Is That What You’re Wearing? Or, Books Have A Bigger Budget

Is That What You’re Wearing? Or, Books Have A Bigger Budget

Robin HoodOne of the most common topics of conversation among those who both read books and watch movies is the difference between the one and the other. Often it’s specific things like “that’s not how I pictured the protagonist” or, “where’d my favourite character go?” Sometimes it’s more general stuff like which medium did the overall job better.

That kind of argument can go on all night, but one thing is not in doubt: No matter how much money is spent on a movie or TV show, books have a bigger budget. Look at the big picture:  In a book you can have your characters go anywhere you’d like, live wherever you’d like, and use whatever transportation you’d like and it doesn’t cost you a dime. You don’t have to have the budget to reproduce your ideas on the screen.

And this just as true for every aspect of the smaller picture, though just now I’m going to talk about what your characters are wearing. No outfit is too extravagant, too simple, too colourful or too plain for your reader’s imagination. Your characters can even wear clothing that it is virtually impossible to eat, walk, or sit down in – as some cosplayers have discovered for themselves.

TrekTOSAnd at the other extreme, no filmmaker has managed to recreate the – uh – clothing worn by the people of Barsoom (as described in the novels) with any real accuracy.

On the other hand, you have TV shows where everyone on a particular planet, or in a particular society, wears the same clothing, usually including the same colours. We might argue that in totalitarian states this is not out of the question, but on TV or in the movies it’s a budgetary thing. There’s been some improvement recently, but it’s mainly because the budgets for TV shows like Game of Thrones or True Blood have greatly increased. Compare, for example, the clothing in The Adventures of Robin Hood, with Errol Flynn, and any episode of Game of Thrones, or any of the LOTR movies.

Star Trek TNGOn another note, some styles are associated with particular genres. Whether on paper or film, a great number of fantasy characters, including those of GOT or LOTR, are dressed in that pseudo-medieval/renaissance style we’re all familiar with. Much of SF clothing is of the “jumpsuit” variety, that is, all one piece, simple, unadorned, smooth, sleek, etc. On the other hand, the clothing of pretty much any military or quasi-military group, regardless of genre or time period is rather, well, uniform is the only way to put it.  Here again, however, written narratives generally can get more complex than film.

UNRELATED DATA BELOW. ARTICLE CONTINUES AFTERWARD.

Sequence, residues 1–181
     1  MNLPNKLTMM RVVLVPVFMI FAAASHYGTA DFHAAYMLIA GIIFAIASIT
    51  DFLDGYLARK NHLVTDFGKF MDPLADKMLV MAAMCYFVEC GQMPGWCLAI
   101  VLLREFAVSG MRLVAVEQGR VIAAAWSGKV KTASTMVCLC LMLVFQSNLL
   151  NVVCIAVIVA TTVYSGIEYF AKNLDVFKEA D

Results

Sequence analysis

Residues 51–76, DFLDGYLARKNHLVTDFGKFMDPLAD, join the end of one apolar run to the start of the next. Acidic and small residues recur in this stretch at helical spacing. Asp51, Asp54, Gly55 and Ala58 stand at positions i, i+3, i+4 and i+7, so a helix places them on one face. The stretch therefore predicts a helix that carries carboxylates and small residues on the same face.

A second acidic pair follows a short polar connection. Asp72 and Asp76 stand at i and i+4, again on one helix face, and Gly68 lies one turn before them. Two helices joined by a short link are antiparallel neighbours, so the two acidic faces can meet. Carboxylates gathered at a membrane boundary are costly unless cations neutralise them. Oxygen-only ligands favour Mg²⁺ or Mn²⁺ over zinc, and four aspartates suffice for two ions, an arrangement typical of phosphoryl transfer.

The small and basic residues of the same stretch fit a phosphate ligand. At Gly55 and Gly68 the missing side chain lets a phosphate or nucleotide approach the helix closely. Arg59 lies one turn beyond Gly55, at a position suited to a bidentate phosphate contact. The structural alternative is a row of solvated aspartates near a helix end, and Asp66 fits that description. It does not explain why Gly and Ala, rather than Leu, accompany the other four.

Getting even more specific, some characters are associated not only with particular clothing styles, but with particular clothing. Any and every Dr. Who, for example. Robin Hood and Sherlock Holmes are so much associated with their clothing that a cap with a feather, or a deer-stalker hat, all by themselves, immediately bring to mind the leader of merry men and the great detective. Rumpled raincoat? Lt. Columbo. Loin cloth? Tarzan.

Don’t get me started on superheroes.

When a TV show – or a movie for that matter, though movies generally have bigger budgets in the first place – gets a reboot, one of the most obvious changes is in the character’s clothing. Not the least of which is that they now have more than one outfit. It’s only when a great deal of money is spent, on designs, on fabrics, and  on seamstresses for that matter, that movies and TV can come even close to what a book can accomplish.


Violette Malan is the author of the Dhulyn and Parno series of sword and sorcery adventures, as well as the Mirror Lands series of primary world fantasies. As VM Escalada, she writes the Faraman Prophecy series. Book One, Halls of Law, is out now; Book Two, Gift of Griffins, is available for pre-order. Find Violette on Facebook and follow her on Twitter @VioletteMalan.

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Martin Christopher

This actualy makes me wonder about the merits of deliberately writing fantastic adventures with a low budget for sets, props, and special effects in mind. It doesn’t mean that everything has to be more mundane, but an effort to get the most sense of wonder out of the smallest amounts of fantastic elements.
I have a hunch that you could create a certain kind of charm with this method that you don’t find in works that “throw tons of money at the screen”.

Joe H.

Gene Wolfe at one point said that one of the reasons for writing Shadow of the Torturer was that he wanted to write a character wearing an outfit that could be cosplayed at a con.

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